What It’s Like Having Crohn’s Disease and COVID-19

By Jack Webb
Updated 2024-03-28 18:26:03 | Published 2021-03-23 15:55:45
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    • In the Crohn’s Disease section of the iMedix Blog, explore a range of topics including symptom management, treatment options, and lifestyle adjustments. This resource is invaluable for those diagnosed with Crohn’s, their caregivers, and healthcare professionals, providing insights into daily living and coping strategies for this chronic digestive disorder.

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COVID-19 has had a profound impact on everyone over the past two years. The effects have been far-reaching, touching various aspects of our lives. From health concerns to supply chain shortages, we have faced challenges on multiple fronts. Lockdowns, social distancing, and online teaching have become the norm. It is now uncommon to find someone who hasn't had personal experience with COVID-19 or knows someone close who has.

During the crisis, individuals with autoimmune disorders, chronic health issues, or severe inflammatory conditions were categorized as high-risk. This meant that if they contracted COVID-19, their weakened immune systems would struggle to fight it off. As someone with Crohn's disease and other chronic conditions, unfortunately, I fell into this high-risk group.

Throughout this journey, I took every precaution possible. I wore masks, used hand sanitizer regularly, and followed strict hygiene practices. I avoided crowded places and luckily had the opportunity to work from home. However, despite my precautions, I still contracted the virus.

Experiencing COVID-19 along with Crohn's disease and other chronic conditions was incredibly difficult. Even with 14 surgeries in the past 15 years, this was one of the worst experiences I've had. Fortunately, I didn't display symptoms until January 2022, almost two years into the pandemic. By that time, the Delta variant had subsided, and the milder Omicron variant had taken its place.

Although Omicron was considered less severe, it still caused me severe discomfort. I spent over five days struggling to sleep, unable to keep anything down, and feeling mentally foggy. The symptoms started with an unfamiliar tickle in my nose, which nasal sprays and allergy medication couldn't alleviate. I also experienced an excruciating sore throat and extreme fatigue.

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During those five days, my Crohn's disease flared up, and I experienced a host of COVID-19 symptoms. Muscle aches, headaches, runny nose, loss of smell (but not taste), and nausea and vomiting became constant companions. Ironically, I didn't have the respiratory symptoms commonly associated with COVID-19. On top of that, my Crohn's disease symptoms exacerbated, making me feel utterly miserable.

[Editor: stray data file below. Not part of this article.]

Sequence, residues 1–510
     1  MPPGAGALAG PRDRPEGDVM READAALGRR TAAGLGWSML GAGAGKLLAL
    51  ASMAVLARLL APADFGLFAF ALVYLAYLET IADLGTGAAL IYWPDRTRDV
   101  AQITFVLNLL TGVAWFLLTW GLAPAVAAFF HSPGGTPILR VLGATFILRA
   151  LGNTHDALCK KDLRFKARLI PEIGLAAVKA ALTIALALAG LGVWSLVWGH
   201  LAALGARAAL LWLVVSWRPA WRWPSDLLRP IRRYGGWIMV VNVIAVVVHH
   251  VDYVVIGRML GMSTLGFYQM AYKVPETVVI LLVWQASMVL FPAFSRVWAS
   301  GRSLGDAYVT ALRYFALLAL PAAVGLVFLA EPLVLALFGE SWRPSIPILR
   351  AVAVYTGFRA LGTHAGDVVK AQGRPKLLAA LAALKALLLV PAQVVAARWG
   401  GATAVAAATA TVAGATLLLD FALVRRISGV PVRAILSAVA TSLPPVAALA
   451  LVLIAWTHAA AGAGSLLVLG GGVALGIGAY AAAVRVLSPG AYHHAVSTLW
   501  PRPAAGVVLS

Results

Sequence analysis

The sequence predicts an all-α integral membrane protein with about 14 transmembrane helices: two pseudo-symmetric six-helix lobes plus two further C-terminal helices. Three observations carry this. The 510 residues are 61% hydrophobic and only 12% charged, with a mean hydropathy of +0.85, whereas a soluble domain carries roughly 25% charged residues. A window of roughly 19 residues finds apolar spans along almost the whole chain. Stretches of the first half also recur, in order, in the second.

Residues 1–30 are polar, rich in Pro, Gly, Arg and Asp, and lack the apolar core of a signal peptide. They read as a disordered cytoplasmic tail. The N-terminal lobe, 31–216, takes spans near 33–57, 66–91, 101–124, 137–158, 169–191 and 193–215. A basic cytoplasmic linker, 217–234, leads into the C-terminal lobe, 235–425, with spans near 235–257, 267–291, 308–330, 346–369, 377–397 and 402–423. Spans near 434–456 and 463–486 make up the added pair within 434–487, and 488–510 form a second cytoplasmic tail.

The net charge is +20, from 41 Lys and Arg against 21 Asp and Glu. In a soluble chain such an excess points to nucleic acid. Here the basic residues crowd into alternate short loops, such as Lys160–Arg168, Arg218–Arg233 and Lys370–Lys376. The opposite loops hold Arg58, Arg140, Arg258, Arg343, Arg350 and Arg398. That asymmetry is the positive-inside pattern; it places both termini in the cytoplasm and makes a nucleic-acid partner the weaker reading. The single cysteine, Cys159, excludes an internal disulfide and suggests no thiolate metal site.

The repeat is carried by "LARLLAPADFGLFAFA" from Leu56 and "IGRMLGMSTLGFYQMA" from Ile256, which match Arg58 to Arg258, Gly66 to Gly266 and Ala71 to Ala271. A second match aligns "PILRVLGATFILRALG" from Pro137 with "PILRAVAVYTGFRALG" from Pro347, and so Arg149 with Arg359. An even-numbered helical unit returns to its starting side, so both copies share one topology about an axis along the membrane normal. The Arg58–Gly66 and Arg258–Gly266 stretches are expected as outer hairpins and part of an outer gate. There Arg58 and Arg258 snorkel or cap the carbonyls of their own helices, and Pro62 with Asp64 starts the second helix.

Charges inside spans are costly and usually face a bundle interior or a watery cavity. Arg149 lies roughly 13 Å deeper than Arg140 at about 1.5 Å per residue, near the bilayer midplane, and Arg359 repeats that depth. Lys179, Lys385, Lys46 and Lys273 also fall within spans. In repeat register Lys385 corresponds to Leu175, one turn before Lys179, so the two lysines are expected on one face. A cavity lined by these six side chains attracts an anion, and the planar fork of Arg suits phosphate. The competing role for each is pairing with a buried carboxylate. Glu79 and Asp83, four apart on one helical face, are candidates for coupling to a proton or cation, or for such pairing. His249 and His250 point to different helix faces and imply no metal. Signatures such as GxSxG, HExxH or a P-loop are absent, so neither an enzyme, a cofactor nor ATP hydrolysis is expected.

After five days of suffering, my doctor advised a COVID-19 monoclonal antibody treatment at the hospital. The treatment needed approval from insurance, but I was fortunate to get an appointment within two hours of the request. The treatment, which lasted 30 to 45 minutes, was administered in a treatment room similar to the one I had previously received infusions for my Crohn's disease.

After the treatment, my symptoms began to subside faster than before. I felt incredibly grateful for the opportunity to receive this treatment and wondered what would have happened without it. However, it has been two months, and I still face lasting effects. I struggle with memory, often forgetting even simple tasks or requests unless I write them down. I lose track of time easily, and some days are less productive than before. My Crohn's disease persists, causing ongoing discomfort, and my inflammatory levels are high. My gut health is severely affected, and I constantly feel exhausted, regardless of how much sleep I get.

It makes me reflect on the long-term impact of COVID-19, especially for individuals like me with autoimmune disorders, chronic health challenges, and severe inflammatory conditions such as Crohn's disease. The symptoms I am experiencing are common among COVID-19 survivors, and it raises concerns about our health in the future.

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